Determining When to Return an Athlete to Sport Following ACL Injury

The Makovicka Difference

We are leaders in our profession, locally owned and operated by physical therapists who forge relationships with patients, and advocate for their care. All of our clinics have board-certified specialists on staff, meaning you get the highest level of care to maximize your recovery, and get you back to your game. We will listen, evaluate your symptoms, and create a personalized physical therapy program to meet your needs and improve your function, strength, and mobility.

Determining when to return an athlete back to sport following anterior cruciate ligament (ACL) injury and reconstruction is one of the more challenging decisions for those in sports medicine. This topic has been meticulously-researched yet the decision is still mired in ambiguity from many interdependent, complex variables which can give rise to an increased risk of injury. The timing and decision making process in returning athletes to sport after ACL is highly important as to avoid re-injury and injury to the other limb. Evidence has established the greatest risk factor for sustaining an injury is having had a previous injury; and this holds true for ACL injuries. The incidence of ACL re-injury in the first year following ACL reconstruction (ACLR) is 15 times higher than those who have not had a previous injury with 25% of athletes suffering either a re-injury of the ACL or an ACL injury to the opposite knee (Patterno, 2012.) When extended to 24 months another study published in the American Journal of Sports Medicine demonstrated a 29.5% incidence of ACL injury to either limb following ACLR (Patterno, 2014.) The reason for the high re-injury rate is complex and multifactorial but proper rehabilitation and an evidence-based return-to-sport process is effective at significantly lowering this risk.

Historically, decision-making regarding rehabilitation and return-to-sport after ACLR was based on timelines after surgery. This rationale was established from basic science studies, largely done on animals, which demonstrated healing rates and vascular anatomy of the ACL graft with observation that the ACL graft goes through a healing response that initially weakens with ischemic necrosis before going through later healing stages (re-vascularization, cell proliferation, and graft remodeling) which greatly increases the graft’s strength. These studies alongside others demonstrating the strain placed upon the ACL with certain activities and exercises led to the highly conservative rehab programs of the 1970s. These conservative programs, oriented around a prolonged protective phase, resulted in very high complication rates during rehab of up to 40% with dysfunctions such as persistent weakness, functional deficits, and arthrofibrosis, or excess scar formation in the knee, which leads to joint stiffening. What was interesting is that those individuals who were non-compliant with their restrictions had significantly lower complication rates and better functional outcomes.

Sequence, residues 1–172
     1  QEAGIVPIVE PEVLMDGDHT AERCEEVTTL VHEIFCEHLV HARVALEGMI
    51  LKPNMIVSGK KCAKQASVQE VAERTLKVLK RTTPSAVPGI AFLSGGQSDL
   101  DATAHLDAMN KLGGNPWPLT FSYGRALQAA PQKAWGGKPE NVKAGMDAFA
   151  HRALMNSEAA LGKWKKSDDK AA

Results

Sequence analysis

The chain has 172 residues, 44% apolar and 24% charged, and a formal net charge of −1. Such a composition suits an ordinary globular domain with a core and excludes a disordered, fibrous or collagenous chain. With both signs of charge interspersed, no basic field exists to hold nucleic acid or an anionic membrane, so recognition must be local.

Those non-compliant patients allowed early weight bearing on the leg, terminated the use of the knee brace early, and engaged in functional tasks as soon as able. This spurred to a surge of scientific investigation comparing the traditional ACL rehab programs to “accelerated” ACL programs which attempted to re-establish ROM, strength, and function quickly after reconstruction. The evidence conclusive showed that complications were drastically lower in accelerated programs along with improved ROM, strength, and function without straining the ACL graft. Rehabilitation science continued to investigate the best and safest ways to rehab and prevent ACL injury. A large body of evidence is now used to guide medical doctors and doctors of physical therapy in safe and efficient return to sport. This evidence has also conclusively shown that we should no longer be guided simply by the traditional, timeline-based return to sport rationale of the past. Rather, we should be basing our decision upon the athlete’s readiness to return based on certain measurable characteristics of strength and function.